You might think that James Cameron, the man who wrote and directed the two biggest global box office blockbusters in history, Titanic and technologically groundbreaking Avatar, hardly needs defending. Yet, amidst all the denunciations of Avatar by neoconservative such as John Podhoretz and David Brooks, who are annoyed that the evil Earthling mercenaries use terms like “shock and awe,” and the more persuasive criticism from science fiction aficionados that the auteur dumbs down his movies for the mass market, it’s worth pointing out that the Cameron glass is half full, too.Like many guys of a certain age, I’ve nurtured a love-hate attitude toward James Cameron that goes back a quarter of a century to a point about five minutes into Terminator. That’s when it started to dawn upon me that the man behind this cheesy, low-budget time travel flick starring that muscle man who talks funny was the most ambitious and accomplished hard science-fiction filmmaker ever.Yet, if Cameron had so much talent that he could make the movie of my dreams, then it is easy for me to assume that he should make it. And when he doesn’t, I tend to take it personally.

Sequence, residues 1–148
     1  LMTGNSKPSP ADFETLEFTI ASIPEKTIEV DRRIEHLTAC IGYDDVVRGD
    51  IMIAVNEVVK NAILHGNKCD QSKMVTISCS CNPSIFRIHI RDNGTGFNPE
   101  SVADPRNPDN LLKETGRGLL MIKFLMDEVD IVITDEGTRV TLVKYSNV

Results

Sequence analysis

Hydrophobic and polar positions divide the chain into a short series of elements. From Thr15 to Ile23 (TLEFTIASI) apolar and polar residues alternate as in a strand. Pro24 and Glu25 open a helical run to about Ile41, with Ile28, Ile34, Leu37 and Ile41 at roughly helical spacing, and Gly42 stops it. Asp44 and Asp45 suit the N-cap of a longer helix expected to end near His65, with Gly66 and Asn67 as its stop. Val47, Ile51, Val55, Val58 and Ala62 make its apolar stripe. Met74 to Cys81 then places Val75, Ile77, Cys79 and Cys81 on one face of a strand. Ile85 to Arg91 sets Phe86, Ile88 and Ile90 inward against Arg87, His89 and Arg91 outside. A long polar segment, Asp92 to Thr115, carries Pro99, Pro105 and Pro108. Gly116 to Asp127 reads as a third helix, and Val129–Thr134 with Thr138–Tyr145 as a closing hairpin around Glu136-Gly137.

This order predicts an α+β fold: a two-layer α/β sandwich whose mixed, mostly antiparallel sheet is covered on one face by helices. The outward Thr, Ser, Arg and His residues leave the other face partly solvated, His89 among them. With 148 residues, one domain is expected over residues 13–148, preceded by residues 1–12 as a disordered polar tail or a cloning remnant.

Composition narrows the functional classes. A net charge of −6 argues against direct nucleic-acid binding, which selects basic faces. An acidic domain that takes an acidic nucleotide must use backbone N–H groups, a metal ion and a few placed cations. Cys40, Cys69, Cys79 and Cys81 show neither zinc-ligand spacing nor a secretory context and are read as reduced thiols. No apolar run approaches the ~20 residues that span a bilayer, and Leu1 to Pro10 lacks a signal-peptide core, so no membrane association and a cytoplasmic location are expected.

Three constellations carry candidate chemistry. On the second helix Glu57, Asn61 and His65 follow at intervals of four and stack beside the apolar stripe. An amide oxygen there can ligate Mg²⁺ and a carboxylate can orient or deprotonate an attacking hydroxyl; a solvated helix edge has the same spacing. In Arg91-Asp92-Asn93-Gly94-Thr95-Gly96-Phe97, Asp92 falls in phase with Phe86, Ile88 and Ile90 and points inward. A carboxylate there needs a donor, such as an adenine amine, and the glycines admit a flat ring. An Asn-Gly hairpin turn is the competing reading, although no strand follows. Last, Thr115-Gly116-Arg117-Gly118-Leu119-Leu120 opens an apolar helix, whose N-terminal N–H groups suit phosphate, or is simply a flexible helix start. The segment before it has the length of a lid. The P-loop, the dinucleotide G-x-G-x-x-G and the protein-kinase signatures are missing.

Nevertheless, Cameron deserves some vindication. For example, rather than being the America-hating leftist of neocon fulminations, Cameron is a worthy successor to the greatest American science fiction writer, Robert A. Heinlein (1907-1988).